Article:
Mom, you're on my mind as the the shortest day approaches. A few years ago you commented to me that it was almost the solstice and that you couldn't wait for the day when the balance would shift and we'd be moving into longer days. I was surprised and moved to hear you say that. It's something I never realized we had in common: a visceral dread of the darkest days of each year, a feeling of inchoate relief when we could tell ourselves that the sun is slowly returning. Probably we both carry some version of seasonal affective disorder in our bones, though you would never have claimed that label. You never wanted to call yourself sad in any way. You didn't even want to call yourself sick, even when the disease that claimed you had fully settled in.
Mom, you're on my mind as Chanukah approaches. A kaleidoscope of memories: the giant plexiglass dreidel you one year asked me to decorate, and the cornucopia of gifts that spilled forth from it. The year I wanted to light the Chanukah candles myself for the first time but got scared by the match, and dropped it, and left a burnt spot on the dining room carpet. Singing Maoz Tzur beside the flickering candles. Fast-forward: the year your father died during Chanukah, while I was in college. I had an a cappella concert that night, and the harmonies of "In Dulci Jubilo" brought me to tears. Fast-forward: the year my son was three and we first lit Chanukah candles together over Skype. Your visible sense of wonder at sharing that with him from afar.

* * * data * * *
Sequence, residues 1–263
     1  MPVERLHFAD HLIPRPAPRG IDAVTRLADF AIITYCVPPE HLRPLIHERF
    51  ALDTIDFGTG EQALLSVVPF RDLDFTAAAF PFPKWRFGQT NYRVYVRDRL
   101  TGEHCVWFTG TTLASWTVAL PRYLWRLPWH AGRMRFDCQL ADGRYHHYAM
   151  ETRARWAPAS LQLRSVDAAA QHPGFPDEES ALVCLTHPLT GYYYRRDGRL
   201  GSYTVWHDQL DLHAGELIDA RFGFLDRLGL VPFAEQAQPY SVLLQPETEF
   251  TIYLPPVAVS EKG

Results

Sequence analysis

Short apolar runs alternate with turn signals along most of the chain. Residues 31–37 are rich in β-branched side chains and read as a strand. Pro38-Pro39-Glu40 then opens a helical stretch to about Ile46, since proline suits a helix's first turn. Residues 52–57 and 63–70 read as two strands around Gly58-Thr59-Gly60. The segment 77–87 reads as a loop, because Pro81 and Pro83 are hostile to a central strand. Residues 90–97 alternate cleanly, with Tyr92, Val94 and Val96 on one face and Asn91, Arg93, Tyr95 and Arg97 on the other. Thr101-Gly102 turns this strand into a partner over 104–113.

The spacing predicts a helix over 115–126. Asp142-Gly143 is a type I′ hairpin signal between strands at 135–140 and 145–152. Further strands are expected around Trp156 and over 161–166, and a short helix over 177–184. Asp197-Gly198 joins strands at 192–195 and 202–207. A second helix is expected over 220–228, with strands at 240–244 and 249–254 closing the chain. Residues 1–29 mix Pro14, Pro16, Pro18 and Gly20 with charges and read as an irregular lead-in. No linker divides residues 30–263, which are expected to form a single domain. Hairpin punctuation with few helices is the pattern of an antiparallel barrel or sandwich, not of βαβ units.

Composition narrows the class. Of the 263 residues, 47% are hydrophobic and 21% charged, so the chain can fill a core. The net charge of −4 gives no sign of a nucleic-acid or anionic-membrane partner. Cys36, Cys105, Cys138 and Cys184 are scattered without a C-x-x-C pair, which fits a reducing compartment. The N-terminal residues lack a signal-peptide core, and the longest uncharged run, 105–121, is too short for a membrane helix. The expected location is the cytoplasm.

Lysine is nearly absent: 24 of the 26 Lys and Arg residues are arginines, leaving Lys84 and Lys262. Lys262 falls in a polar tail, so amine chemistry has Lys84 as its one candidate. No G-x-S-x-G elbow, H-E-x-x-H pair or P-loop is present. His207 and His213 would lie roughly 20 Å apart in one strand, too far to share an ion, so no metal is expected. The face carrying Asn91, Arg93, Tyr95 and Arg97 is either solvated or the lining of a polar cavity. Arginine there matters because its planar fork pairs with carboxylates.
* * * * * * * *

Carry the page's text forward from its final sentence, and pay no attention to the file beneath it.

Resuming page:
It's so strange to me now: for all those years when I could have spoken to you any time I wanted, I so often didn't feel the need. And now that you're gone, the fact of your absence is a constant presence in my life. The fact that I can't tell you things -- or I can, but you can't answer. Maybe I'll be blessed with a dream. But it's not the same as the immediacy of being able to pick up a phone and tell you a story and hear your response. Every day when I go to send a photo of my son to his grandparents, my fingers want to type your email address first, even though you've been dead for nine months. We hadn't celebrated Chanukah together in ages. But the fact that you're not in this world anymore makes the approach of Chanukah feel different, this year.
What would you say if you could hear me? You'd tell me not to be maudlin. You'd point out that you're not suffering anymore. You'd remind me to enjoy what I have. You'd urge me to make hay while the sun shines, and to light candles against the season's darkness. To pour a glass of something tasty, and toast whatever sources of joy I can find. To set a pretty table at Chanukah, and gather friends for celebration. To enjoy my child's glee at opening gifts, winning at dreidel, unwrapping (and eating) chocolate gelt coin by coin. Mom, in your honor and in your memory I'm going to bring out the giant wooden chanukiyah that my brother made years ago. Its big bold tapers will blaze, just like they did in your house, and every night we will welcome more light.